The Amendment Act removes a proviso which used to provide that the total number of sick leave is 60 days including any hospitalisation. This essentially means that employees are entitled to their 60 days sick leave if they are hospitalised, without touching on their regular sick leave benefits.

(16) Paying wages via Approved Issuers of Designated Payment Instrument

The Amendment Act substitutes the word ‘bank’ with ‘financial institution’ which includes approved issuer of designated payment instrument such as e-wallets for the purpose of payment of wages.

(17) Extension to all employees regardless of salary

The Amendments shall apply to all employees regardless of salary to entitle them to receive the minimum benefits and protection. Previously, the Act only applies to categories of employees in the First Schedule.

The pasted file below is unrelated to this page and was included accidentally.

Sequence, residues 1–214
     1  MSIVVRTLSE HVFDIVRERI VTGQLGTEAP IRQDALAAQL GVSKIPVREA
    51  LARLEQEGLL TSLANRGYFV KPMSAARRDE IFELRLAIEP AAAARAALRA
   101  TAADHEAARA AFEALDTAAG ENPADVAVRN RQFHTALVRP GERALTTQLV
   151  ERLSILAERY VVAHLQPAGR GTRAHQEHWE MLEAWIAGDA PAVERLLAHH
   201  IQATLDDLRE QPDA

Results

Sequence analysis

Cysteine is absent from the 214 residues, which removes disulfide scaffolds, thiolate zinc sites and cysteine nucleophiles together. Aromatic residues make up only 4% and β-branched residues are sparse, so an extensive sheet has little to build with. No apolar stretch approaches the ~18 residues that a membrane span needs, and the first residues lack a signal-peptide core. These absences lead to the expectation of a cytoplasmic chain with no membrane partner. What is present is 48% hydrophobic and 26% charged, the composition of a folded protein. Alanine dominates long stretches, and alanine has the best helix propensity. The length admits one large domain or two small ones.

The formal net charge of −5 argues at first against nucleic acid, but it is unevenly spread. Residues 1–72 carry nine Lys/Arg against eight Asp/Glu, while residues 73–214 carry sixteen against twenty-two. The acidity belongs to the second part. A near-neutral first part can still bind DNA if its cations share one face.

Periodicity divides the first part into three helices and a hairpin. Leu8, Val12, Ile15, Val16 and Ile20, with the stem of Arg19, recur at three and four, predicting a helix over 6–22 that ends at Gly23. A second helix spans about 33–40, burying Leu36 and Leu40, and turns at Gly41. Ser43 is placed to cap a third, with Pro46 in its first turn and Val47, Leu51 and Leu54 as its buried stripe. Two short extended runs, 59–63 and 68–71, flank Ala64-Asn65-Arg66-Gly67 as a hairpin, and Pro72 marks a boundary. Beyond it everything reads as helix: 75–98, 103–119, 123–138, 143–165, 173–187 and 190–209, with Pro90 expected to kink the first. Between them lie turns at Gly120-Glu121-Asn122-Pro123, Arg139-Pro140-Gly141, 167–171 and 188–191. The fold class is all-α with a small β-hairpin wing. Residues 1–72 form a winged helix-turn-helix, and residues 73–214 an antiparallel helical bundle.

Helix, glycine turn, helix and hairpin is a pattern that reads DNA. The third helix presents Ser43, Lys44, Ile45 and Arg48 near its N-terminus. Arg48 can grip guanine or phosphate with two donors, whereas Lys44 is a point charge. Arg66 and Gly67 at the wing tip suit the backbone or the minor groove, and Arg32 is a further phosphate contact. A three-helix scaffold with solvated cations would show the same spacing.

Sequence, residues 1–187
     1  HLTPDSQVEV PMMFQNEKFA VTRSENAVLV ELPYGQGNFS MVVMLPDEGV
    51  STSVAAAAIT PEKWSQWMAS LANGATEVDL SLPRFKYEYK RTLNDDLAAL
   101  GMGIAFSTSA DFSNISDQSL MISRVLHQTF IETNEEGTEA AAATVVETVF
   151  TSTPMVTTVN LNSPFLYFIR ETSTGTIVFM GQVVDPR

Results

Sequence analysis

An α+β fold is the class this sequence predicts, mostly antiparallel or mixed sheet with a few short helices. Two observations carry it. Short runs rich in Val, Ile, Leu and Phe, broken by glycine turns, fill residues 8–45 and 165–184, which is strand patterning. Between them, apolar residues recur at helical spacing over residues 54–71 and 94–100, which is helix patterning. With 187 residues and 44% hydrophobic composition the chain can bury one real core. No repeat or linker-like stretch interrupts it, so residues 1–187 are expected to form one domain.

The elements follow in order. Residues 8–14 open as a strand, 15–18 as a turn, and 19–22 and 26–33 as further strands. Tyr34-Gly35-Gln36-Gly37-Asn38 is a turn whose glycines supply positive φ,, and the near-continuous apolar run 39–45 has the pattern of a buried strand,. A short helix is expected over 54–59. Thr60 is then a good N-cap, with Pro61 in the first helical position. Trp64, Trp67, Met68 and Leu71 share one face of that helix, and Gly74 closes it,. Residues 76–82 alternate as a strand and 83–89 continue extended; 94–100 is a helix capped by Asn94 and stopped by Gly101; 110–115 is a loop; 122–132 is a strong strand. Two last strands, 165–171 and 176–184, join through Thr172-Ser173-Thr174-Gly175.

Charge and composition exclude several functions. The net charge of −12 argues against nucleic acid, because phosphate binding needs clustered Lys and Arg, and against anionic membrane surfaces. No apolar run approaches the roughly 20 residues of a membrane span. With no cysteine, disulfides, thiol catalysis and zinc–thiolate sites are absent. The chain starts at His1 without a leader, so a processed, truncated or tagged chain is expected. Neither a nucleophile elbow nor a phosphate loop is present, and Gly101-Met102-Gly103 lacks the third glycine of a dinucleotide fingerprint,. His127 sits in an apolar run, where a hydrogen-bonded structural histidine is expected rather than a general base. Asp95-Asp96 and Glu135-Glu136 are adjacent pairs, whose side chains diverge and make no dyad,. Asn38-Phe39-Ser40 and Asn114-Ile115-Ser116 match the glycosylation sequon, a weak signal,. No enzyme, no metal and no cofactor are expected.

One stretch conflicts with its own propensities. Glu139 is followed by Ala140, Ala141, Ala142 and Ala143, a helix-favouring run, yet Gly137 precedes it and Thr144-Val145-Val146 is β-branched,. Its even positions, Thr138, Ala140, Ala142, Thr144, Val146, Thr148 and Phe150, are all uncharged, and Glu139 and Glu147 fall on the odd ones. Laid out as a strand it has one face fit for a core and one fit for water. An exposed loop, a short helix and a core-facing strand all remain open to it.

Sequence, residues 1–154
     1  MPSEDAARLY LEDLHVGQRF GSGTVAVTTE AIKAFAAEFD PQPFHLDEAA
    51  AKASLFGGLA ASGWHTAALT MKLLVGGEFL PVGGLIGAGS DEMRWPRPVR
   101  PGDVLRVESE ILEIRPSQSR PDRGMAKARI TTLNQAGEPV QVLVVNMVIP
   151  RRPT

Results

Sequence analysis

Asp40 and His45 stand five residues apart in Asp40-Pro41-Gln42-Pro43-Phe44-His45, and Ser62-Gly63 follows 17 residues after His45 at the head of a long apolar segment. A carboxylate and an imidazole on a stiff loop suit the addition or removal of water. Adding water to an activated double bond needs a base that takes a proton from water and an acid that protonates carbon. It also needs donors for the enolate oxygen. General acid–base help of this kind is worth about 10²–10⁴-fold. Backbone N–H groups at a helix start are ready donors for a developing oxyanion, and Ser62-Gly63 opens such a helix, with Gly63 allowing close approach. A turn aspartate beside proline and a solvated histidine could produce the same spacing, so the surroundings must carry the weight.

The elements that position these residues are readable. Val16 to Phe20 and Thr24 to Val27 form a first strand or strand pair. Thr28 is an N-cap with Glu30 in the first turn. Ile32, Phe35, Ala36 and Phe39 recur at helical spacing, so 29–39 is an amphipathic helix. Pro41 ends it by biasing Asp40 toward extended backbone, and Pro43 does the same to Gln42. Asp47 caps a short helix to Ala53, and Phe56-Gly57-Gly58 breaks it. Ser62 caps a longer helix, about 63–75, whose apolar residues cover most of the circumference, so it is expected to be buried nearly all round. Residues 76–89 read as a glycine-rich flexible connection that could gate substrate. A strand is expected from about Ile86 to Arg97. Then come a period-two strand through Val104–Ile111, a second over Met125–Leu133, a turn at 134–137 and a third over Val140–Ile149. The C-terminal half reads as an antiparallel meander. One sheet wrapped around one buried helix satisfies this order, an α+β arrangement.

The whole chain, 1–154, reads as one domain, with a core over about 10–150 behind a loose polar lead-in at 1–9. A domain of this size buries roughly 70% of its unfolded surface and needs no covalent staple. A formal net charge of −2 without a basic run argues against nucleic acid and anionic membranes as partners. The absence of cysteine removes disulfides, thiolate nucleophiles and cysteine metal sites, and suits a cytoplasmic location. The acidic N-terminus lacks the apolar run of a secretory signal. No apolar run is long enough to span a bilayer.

For the avoidance of doubt, the Minister will soon issue an order modifying the First Schedule.

(18) Contractor for labour

In addition to the requirement to register a contractor for labour, such contracts must be made in writing and documents must be available for inspection. Otherwise, one would risk an increased penalty of RM 50,000.

(19) Apprenticeship Contracts

Contracts between 6 to 24 months are now recognised as apprenticeship contracts, where previously it must be more than 2 years. Such contracts fall within the definition of a contract of service.

Conclusion

In conclusion, the newly proposed amendments have taken into consideration the recent Covid-19 Pandemic and the Anti-Sexual Harassment Bill. The proposed amendments to introduce  flexible working arrangements, take into account hospitalised sick leave and reduce working hours provide better rights and privileges to employees. This in all would result in a more humane working environment to protect more vulnerable employees. Employers should take note and adopt these changes, particularly in working hours, to ensure legal compliance.

Published on 19 August 2022

PHOTO BY NORDWOOD THEMES ON UNSPLASH